JUPITER, Fla. -- It's not a matter of if Kyle Barraclough will contribute in the Marlins' bullpen; it's a matter of when. For now, it's going to be at least a little while because the hard-throwing right-hander will open the season at Triple-A New Orleans.How quickly Barraclough is back in the
JUPITER, Fla. -- It's not a matter of if Kyle Barraclough will contribute in the Marlins' bullpen; it's a matter of when. For now, it's going to be at least a little while because the hard-throwing right-hander will open the season at Triple-A New Orleans.
How quickly Barraclough is back in the big leagues may simply be a matter of when he regains command of his blazing fastball. Once that happens, the 25-year-old could find himself in Miami for a while.
In 2015, Barraclough showed promise after he was acquired in July from the Cardinals for Steve Cishek. With an upper 90-mph fastball and a wipeout slider, Barraclough might even profile as a future closer.
But until he regains his command, Barraclough enters 2016 as the Marlins' prospect to watch.
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According to MLBPipeline.com, Barraclough is the Marlins' 20th-ranked prospect. If he shows consistency, he should propel much higher.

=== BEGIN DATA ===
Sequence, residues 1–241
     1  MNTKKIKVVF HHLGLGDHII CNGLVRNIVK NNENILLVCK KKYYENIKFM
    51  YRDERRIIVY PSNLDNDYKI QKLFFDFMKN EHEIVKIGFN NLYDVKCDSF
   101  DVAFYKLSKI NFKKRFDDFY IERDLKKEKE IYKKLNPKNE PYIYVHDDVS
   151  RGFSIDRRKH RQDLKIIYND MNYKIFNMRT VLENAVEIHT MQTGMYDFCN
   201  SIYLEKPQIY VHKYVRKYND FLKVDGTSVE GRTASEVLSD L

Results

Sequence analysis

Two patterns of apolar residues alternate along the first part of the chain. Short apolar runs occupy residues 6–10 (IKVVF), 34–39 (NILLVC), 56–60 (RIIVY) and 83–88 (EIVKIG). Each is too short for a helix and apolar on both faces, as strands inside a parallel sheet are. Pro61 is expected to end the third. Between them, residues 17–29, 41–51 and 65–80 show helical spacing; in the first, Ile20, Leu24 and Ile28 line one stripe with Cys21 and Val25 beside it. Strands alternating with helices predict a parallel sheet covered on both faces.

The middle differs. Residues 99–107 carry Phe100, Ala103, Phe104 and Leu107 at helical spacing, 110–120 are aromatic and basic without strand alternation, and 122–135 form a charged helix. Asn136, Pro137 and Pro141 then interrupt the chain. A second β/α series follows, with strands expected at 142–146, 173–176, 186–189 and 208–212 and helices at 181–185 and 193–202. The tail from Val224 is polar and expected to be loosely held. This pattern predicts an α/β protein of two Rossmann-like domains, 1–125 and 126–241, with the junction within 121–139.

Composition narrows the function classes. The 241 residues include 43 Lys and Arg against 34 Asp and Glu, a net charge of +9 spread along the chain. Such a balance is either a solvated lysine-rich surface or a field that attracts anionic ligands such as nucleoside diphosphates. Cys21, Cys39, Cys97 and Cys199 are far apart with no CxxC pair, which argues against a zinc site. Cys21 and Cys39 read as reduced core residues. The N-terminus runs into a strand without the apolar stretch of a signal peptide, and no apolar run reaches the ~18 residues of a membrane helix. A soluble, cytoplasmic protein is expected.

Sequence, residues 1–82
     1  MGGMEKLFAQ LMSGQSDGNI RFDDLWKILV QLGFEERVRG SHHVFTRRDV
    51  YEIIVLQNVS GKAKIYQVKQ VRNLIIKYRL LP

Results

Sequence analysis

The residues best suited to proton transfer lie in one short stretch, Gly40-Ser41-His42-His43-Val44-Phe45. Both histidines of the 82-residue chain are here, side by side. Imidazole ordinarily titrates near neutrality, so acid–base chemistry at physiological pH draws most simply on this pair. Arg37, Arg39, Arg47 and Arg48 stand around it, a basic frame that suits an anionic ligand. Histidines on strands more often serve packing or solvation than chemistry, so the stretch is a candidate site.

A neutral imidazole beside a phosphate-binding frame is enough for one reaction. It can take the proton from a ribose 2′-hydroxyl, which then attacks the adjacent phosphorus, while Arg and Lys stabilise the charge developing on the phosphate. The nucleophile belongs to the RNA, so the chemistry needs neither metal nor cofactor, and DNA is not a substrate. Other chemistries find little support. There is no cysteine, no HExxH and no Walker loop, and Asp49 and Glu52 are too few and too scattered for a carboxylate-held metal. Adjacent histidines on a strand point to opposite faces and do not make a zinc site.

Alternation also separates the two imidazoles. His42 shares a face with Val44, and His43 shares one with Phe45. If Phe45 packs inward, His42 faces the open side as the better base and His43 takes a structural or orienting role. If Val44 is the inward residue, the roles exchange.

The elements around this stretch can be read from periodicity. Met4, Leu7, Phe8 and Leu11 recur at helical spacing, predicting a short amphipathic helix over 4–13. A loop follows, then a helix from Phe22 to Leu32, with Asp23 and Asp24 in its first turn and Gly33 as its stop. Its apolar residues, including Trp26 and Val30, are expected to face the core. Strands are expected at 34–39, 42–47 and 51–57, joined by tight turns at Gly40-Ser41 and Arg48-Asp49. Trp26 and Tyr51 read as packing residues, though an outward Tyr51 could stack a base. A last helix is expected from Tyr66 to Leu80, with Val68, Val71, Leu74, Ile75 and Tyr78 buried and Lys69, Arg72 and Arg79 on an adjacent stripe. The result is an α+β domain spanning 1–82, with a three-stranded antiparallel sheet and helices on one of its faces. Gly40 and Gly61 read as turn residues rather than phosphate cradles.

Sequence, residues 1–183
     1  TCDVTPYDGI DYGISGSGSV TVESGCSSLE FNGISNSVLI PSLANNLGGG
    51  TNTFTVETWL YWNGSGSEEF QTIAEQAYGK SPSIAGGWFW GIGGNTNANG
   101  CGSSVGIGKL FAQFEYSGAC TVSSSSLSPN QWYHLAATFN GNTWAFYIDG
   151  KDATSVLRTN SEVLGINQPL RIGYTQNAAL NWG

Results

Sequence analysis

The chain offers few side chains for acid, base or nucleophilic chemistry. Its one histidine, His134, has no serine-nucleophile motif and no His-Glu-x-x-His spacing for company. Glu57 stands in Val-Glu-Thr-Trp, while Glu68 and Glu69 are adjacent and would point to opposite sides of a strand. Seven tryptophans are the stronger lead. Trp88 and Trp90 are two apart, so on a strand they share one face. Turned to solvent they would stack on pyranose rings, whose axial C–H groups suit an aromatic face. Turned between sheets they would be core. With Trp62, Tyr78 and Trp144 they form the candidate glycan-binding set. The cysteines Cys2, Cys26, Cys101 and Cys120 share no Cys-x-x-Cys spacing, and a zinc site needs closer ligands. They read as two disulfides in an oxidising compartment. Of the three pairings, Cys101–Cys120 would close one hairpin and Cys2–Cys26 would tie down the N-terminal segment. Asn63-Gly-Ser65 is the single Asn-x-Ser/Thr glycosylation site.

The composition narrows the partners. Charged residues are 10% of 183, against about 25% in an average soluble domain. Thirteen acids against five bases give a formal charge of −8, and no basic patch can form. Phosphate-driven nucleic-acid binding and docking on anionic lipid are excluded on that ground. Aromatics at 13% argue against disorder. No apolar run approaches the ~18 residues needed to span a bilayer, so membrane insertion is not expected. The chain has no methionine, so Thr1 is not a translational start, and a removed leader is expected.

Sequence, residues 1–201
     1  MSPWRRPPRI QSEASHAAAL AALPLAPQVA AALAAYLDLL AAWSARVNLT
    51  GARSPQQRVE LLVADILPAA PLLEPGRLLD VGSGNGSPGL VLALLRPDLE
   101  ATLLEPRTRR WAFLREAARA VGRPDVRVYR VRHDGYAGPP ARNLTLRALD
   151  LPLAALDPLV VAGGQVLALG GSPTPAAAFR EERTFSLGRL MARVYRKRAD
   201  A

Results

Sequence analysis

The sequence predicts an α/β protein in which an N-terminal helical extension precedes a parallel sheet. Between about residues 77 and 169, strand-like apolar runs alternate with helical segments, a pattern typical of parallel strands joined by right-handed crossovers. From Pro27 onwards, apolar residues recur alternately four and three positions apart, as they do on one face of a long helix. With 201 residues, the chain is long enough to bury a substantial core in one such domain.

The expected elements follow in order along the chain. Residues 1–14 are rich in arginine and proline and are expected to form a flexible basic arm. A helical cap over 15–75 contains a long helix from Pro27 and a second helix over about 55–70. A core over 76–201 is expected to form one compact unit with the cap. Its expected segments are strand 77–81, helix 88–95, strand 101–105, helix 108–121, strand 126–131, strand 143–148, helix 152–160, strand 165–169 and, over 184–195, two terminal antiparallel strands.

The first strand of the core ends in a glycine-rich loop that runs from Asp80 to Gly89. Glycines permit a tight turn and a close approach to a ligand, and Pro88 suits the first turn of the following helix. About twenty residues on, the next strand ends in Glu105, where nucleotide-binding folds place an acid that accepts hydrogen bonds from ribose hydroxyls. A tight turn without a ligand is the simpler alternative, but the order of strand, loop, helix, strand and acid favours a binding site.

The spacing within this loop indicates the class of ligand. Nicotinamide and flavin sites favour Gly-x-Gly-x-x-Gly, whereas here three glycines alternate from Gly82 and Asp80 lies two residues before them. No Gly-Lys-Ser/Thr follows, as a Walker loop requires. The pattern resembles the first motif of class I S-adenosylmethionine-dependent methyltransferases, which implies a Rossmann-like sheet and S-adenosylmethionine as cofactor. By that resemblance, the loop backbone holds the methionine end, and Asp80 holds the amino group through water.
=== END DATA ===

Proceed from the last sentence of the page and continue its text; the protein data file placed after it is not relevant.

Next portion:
Barraclough's stuff is electric, which wasn't lost on the coaching staff before he was sent down in Spring Training.
"Barraclough probably has the best slider coming out of our bullpen," manager Don Mattingly said. "But you have to get to that pitch. As a power arm, you want him to get ahead in the count and put the hitter on defense."
In Spring Training, Barraclough wasn't able to do that because he struggled throwing strikes. He struck out eight but also walked eight in 6 1/3 Grapefruit League innings.
Pounding the zone wasn't a problem for the right-hander after he joined Miami last summer. In 25 appearances over 24 1/3 innings, he was 2-1 with a 2.59 ERA, 30 strikeouts and 18 walks.
The power fastball is there, as shown by his 2015 average fastball velocity of 95.6 mph, according to Fangraphs. He averaged 11.10 strikeouts and 6.66 walks per nine innings.
Breaking down his pitch selection, Barraclough threw 60.7 percent fastballs a year ago and 38.4 percent sliders at an average of 83.4 mph.
When those two pitches are on, he's tough to hit.
At New Orleans, Barraclough will get work throwing multiple innings.
"We want him to go there in a multi-inning role and work on his fastball command," said Marc DelPiano, the club's vice president of player development. "We're refining some of that in his delivery and getting him multi-inning usage."
Joe Frisaro is a reporter for MLB.com. He writes a blog, called The Fish Pond. Follow him on Twitter @JoeFrisaro and listen to his podcast.